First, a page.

Background First rib fractures are considered indicators of increased morbidity and mortality in major trauma. However, this has not been definitively proven. With an increased use of CT and the potential increase in detection of first rib fractures, re-evaluation of these injuries as a marker for life-threatening injuries is warranted.
Methods Patients sustaining rib fractures between January 2012 and December 2013 were investigated using data from the UK Trauma Audit and Research Network. The prevalence of life-threatening injuries was compared in patients with first rib fractures and those with other rib fractures. Multivariate logistic regression was performed to determine the association between first rib fractures, injury severity, polytrauma and mortality.
Results There were 1683 patients with first rib fractures and 8369 with fractures of other ribs. Life-threatening intrathoracic and extrathoracic injuries were more likely in patients with first rib fractures. The presence of first rib fractures was a significant predictor of injury severity (Injury Severity Score >15) and polytrauma, independent of mechanism of injury, age and gender with an adjusted OR of 2.64 (95% CI 2.33 to 3.00) and 2.01 (95% CI 1.80 to 2.25), respectively. Risk-adjusted mortality was the same in patients with first rib fractures and those with other rib fractures (adjusted OR 0.97, 95% CI 0.79 to 1.19).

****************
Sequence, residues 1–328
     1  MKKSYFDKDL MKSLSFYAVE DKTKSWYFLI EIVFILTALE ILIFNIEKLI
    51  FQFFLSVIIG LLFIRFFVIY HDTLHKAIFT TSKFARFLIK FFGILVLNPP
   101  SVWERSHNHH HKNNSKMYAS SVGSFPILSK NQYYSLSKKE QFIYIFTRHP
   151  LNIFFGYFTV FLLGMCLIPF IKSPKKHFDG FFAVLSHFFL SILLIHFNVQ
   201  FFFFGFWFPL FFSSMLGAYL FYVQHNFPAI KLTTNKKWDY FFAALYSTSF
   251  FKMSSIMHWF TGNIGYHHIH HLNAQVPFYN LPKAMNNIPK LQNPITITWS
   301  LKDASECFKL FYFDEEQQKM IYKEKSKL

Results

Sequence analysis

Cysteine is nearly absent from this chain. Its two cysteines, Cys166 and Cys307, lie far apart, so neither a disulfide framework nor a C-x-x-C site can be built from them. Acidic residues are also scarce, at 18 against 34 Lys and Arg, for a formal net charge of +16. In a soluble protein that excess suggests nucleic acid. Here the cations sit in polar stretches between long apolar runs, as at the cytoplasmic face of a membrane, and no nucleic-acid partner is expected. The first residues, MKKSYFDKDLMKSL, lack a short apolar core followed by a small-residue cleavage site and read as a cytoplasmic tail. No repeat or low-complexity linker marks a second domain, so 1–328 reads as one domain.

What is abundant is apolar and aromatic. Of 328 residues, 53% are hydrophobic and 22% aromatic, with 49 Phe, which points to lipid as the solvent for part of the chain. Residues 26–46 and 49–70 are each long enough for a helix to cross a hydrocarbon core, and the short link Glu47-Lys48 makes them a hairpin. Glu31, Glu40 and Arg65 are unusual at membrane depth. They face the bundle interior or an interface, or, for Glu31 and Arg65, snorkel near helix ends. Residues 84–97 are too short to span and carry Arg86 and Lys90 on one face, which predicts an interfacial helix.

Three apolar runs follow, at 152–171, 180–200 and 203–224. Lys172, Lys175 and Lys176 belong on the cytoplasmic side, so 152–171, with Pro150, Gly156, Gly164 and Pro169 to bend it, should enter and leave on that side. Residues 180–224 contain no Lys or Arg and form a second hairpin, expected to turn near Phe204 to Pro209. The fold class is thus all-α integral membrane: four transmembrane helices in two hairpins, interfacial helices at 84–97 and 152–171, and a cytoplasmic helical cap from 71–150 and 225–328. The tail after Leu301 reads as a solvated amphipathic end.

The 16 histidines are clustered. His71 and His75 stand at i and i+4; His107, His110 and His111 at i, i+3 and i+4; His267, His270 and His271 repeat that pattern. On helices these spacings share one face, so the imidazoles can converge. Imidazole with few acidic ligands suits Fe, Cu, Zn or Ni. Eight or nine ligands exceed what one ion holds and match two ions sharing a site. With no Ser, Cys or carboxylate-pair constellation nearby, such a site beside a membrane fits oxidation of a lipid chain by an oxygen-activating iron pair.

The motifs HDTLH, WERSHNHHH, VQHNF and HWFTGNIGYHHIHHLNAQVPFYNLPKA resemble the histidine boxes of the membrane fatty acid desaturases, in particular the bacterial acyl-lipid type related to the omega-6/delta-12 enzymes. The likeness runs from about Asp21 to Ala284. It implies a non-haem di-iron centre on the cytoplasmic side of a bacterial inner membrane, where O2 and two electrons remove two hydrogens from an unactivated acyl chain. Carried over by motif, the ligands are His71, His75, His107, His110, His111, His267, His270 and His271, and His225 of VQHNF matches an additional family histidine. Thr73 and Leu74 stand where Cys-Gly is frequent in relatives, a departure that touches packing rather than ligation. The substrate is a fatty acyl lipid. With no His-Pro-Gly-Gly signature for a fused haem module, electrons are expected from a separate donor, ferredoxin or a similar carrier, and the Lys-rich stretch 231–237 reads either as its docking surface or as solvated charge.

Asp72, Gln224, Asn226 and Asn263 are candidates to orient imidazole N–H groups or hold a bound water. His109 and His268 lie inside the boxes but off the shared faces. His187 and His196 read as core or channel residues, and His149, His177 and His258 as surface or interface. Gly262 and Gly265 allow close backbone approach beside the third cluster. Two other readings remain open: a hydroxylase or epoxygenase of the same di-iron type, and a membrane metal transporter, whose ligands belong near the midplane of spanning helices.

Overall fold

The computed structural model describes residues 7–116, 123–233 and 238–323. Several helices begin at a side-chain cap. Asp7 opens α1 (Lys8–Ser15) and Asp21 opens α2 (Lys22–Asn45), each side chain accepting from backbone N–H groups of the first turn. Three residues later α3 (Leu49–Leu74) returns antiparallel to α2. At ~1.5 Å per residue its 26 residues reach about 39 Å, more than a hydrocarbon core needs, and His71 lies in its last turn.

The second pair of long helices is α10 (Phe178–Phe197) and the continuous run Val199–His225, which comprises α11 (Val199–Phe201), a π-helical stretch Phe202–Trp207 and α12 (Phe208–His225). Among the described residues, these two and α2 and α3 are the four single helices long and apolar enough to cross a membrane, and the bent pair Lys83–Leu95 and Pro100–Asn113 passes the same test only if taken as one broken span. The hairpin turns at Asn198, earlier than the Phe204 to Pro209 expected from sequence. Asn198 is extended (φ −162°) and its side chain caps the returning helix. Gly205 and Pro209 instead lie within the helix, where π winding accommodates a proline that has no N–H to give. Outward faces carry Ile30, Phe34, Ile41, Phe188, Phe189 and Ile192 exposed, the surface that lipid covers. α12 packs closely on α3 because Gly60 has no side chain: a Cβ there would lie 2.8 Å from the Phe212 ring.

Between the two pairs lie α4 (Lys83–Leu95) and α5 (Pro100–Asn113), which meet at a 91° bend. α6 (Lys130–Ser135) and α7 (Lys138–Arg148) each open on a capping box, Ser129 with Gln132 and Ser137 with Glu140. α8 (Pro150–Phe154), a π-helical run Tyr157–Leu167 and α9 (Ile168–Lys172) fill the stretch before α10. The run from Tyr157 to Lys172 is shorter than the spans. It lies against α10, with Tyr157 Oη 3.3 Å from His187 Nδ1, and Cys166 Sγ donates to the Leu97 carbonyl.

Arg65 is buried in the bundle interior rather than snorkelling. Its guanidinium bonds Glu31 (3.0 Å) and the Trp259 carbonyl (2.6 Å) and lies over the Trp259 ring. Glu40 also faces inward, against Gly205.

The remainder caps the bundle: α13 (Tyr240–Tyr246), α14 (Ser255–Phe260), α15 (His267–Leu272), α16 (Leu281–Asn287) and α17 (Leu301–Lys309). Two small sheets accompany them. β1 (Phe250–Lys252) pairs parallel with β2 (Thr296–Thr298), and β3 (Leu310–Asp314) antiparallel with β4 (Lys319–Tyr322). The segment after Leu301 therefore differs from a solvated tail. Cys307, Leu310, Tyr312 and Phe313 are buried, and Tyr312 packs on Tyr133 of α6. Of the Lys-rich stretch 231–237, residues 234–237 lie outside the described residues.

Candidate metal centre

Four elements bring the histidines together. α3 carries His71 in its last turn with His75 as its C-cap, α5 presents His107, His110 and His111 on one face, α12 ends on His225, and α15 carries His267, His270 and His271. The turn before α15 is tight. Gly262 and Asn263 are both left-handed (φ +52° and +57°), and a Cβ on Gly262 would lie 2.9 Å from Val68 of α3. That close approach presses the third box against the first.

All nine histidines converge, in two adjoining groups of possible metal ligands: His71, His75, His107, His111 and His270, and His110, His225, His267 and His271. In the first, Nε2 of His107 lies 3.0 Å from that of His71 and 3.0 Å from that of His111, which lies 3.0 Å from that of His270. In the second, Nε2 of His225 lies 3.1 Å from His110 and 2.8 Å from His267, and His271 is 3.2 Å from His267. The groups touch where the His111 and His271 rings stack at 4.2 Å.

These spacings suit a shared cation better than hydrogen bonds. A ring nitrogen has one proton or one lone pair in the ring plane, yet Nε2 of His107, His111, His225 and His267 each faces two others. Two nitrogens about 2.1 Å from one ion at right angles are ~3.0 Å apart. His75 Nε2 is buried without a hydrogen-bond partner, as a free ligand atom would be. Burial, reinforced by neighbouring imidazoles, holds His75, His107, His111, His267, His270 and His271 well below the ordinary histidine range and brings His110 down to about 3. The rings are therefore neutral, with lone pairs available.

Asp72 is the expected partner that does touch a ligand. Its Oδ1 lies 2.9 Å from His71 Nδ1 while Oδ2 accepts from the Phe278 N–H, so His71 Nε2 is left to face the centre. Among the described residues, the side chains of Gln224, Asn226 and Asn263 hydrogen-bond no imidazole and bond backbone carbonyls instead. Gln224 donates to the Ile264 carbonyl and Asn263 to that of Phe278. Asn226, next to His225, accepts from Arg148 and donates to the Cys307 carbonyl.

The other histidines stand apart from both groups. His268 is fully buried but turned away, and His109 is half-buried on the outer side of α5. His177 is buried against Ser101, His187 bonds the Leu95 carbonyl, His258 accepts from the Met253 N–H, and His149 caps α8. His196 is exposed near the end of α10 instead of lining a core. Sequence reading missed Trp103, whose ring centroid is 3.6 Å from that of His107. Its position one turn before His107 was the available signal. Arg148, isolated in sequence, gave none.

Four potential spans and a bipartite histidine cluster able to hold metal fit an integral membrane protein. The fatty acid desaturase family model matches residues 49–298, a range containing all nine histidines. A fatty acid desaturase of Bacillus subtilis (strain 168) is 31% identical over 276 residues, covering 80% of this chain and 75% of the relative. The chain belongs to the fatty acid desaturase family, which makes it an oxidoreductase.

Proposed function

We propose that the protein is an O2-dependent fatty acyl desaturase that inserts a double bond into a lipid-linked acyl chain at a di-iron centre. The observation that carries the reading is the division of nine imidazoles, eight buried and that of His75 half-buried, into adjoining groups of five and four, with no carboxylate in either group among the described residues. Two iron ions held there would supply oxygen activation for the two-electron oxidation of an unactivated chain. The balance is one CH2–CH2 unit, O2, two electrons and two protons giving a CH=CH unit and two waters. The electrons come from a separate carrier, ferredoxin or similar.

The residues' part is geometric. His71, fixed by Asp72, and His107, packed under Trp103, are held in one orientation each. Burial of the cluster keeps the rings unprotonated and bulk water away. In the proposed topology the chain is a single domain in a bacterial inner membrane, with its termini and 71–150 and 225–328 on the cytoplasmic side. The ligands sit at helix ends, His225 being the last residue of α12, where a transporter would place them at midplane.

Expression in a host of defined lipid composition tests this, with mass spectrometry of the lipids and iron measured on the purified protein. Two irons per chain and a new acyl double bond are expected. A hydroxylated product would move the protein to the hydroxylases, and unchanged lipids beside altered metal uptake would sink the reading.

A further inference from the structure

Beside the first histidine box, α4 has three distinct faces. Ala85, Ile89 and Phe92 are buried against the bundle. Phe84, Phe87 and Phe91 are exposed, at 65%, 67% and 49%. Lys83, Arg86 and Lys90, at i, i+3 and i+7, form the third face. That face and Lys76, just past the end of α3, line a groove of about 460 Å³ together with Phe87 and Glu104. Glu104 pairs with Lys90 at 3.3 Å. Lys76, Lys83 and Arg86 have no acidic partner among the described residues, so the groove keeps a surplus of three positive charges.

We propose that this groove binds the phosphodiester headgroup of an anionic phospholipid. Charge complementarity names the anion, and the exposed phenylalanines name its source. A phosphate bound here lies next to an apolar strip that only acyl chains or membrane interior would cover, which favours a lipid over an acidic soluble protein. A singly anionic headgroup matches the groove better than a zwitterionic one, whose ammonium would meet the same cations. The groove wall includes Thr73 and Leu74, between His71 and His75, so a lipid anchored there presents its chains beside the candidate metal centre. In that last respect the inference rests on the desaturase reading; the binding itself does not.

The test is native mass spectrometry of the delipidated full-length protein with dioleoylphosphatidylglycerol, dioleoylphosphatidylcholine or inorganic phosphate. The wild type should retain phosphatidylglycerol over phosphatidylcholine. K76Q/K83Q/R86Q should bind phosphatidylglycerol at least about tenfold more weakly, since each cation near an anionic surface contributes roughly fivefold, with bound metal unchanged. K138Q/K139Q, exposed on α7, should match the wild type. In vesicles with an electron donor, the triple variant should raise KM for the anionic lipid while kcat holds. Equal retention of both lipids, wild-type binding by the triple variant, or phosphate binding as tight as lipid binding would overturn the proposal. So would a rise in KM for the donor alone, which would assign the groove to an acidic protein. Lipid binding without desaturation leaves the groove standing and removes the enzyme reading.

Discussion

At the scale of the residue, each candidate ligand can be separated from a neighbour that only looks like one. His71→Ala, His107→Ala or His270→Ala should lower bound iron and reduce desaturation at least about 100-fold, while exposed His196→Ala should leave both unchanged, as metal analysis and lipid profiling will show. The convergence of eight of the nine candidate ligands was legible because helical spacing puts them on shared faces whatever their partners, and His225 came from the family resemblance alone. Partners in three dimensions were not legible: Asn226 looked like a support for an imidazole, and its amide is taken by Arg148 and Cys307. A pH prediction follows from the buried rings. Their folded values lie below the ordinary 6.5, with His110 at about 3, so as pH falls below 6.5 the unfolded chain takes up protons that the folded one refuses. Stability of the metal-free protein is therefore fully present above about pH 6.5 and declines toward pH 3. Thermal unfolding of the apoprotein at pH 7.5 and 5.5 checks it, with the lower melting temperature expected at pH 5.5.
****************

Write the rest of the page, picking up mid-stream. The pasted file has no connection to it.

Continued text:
Conclusion First rib fractures are a marker of life-threatening injuries in major trauma, though they do not independently increase mortality. Management of patients with first rib fractures should focus on identification and treatment of associated life-threatening injuries.
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